The recent Supreme Court decision in Dobbs V. Jackson Women’s Health Organization – the decision that overturned Roe v. Wade – violates our inherent right to bodily autonomy. As a 20-year-old woman, this new reality is downright terrifying.
Despite this tragic shift in federal policy, Connecticut has been on the front lines of this issue, ensuring abortion remains legal and supported in the state. In May, Governor Ned Lamont signed Public Law 22-19 which protects women traveling to Connecticut for abortions, and also protects medical professionals who perform abortions.
The state has established itself as a leader in matters of reproductive freedom. Nevertheless, Connecticut has yet to employ a key strategy: comprehensive sex education.
According to a very respected study published in the American Journal of Preventive Medicine, comprehensive sex education has been shown to reduce rates of teen pregnancy, risky sexual behavior and sexually transmitted infections. However, despite these compelling medical findings, Connecticut does not require comprehensive sex education in public schools.
Instead, local school boards decide what is taught. Evidence shows that local control produces varied results. For example, poorer school districts are at a disadvantage because their budgets may not allow for additional curriculum. Additionally, some school districts may opt to teach abstinence-only sex education, which has not been proven to reduce teen pregnancy.
Due to local control, from 2020, only 54% of Connecticut high schools teach students all critical sexual health topics recommended by the Centers for Disease Control (CDC). Without a statewide mandate, individual schools can develop specific policies on what is taught. Essentially, schools are not bound by the guidelines set by the CDC, even though these guidelines cover all essential aspects of comprehensive sex education.
As a result, many college students lack the information needed to make smart, healthy decisions about sex, disease prevention, and contraceptives. It is important to note that the skills taught in sex education are lifelong means of protecting women from unwanted pregnancies.
Once people learn information about boundaries, healthy relationships, sexual health, and contraceptives, they can always make informed decisions about their bodies. These skills are not only important for preventing pregnancy, but also for an individual’s sense of empowerment. All students benefit from sex education because the information taught enables them to make informed and confident decisions about their sexual health.
Connecticut has a relatively low rate teenage pregnancy rate of 7.6 births per thousand women aged 15-19. However, this rate is higher than in the neighboring states of Massachusetts, Rhode Island and New Hampshire. Both Rhode Island and New Hampshire require that sex education be taught in schools. This means that all students attending public schools are exposed to and taught the essential skills of sex education.
These data indicate a clear correlation between mandatory sex education and reduced teenage pregnancy rates. Whereas Massachusetts does not require sex education, research shows that 61.6% of high schools teach the CDC’s 20 suggested topics for comprehensive sex education, compared to 54% of Connecticut schools. Even if there is no mandate, the correlation between access and reduced birth rates is clear.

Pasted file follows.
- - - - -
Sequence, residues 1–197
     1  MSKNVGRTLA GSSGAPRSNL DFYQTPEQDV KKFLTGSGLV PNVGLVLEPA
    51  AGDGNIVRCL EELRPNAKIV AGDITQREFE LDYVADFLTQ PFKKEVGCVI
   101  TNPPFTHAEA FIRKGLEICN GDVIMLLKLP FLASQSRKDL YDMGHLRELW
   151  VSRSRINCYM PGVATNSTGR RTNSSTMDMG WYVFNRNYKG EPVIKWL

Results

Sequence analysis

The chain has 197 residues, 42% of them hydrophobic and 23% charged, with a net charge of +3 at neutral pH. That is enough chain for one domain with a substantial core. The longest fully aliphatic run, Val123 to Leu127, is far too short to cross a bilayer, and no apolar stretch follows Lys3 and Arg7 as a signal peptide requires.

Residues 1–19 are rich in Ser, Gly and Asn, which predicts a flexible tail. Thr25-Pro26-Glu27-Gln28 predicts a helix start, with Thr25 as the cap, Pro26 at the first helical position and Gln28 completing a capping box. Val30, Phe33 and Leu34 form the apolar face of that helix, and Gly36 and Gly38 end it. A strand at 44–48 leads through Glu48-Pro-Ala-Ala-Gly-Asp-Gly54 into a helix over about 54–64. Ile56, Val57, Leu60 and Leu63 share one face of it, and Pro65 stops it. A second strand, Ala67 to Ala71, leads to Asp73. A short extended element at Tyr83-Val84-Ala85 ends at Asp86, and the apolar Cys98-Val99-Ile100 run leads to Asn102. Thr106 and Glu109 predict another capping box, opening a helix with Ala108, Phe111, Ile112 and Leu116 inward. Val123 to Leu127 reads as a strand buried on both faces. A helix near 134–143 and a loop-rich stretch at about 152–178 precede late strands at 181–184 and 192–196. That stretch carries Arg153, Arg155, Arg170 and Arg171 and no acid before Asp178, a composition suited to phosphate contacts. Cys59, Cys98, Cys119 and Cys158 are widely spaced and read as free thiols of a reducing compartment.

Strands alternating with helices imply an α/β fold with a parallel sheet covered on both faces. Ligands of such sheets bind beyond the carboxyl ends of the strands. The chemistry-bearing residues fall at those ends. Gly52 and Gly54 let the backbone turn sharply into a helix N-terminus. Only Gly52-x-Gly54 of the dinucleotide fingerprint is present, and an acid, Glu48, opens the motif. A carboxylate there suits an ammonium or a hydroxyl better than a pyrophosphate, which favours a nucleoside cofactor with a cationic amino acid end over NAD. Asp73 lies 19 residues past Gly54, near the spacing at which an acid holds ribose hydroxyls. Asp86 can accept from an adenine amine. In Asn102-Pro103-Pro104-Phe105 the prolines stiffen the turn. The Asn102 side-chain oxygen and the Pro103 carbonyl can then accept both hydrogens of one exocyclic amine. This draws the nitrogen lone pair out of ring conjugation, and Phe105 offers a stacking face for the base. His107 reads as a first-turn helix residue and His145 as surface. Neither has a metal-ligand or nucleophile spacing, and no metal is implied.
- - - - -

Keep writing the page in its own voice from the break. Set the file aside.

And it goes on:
Importantly, compliance with CDC guidelines is even more widespread in Rhode Island and New Hampshire with 68.1% and 64.4% of schools teaching all 20 essential subjects. The data suggests that a state mandate means more schools teaching all the essential components of comprehensive sex education. Increased access to sex education is imperative to reduce teenage pregnancy rates.
Studies confirm that 60% of comprehensive sex education programs have been shown to reduce unprotected sex in adolescents. Education is an essential part of mitigating teenage pregnancies; nevertheless, Connecticut has yet to fully utilize this valuable resource.
Leaving Connecticutment of education has developed guidelines on comprehensive sex education; however, these guidelines are only suggestions and not mandates.
The guidelines include important concepts such as human development, communication, decision-making skills, and detailed information about contraception. Even so, without the requirement for comprehensive sex education, the Department of Education cannot ensure that this essential information is given to every student.
Education about sexual health, consent, and relationships builds an individual’s power over their body by empowering them to make informed decisions. By mandating access to comprehensive sex education, the state can empower all students to make decisions about their bodies.
Now is the time for Connecticut to take proactive and decisive action. With the hearts and minds of the nation focused on reproductive rights and personal autonomy, state politicians have a unique opportunity to establish positive change. By expanding comprehensive sex education to all Connecticut college students, young people will be better equipped to make informed choices about sexual intimacy and reproductive health at a time when the Supreme Court intends to control their bodies. Currently, legal access to abortion is seriously threatened. Leading Republicans have already called for a federal abortion ban. Duke University predicts that a total ban on abortion would increase pregnancy-related deaths by 21%. With the future of reproductive freedom everywhere uncertain, it is critical that Connecticut invests in proactive pregnancy prevention strategies. Without safe and legal abortions, these measures could mean the difference between life and death.
Lillian Ryan is a student at Trinity College.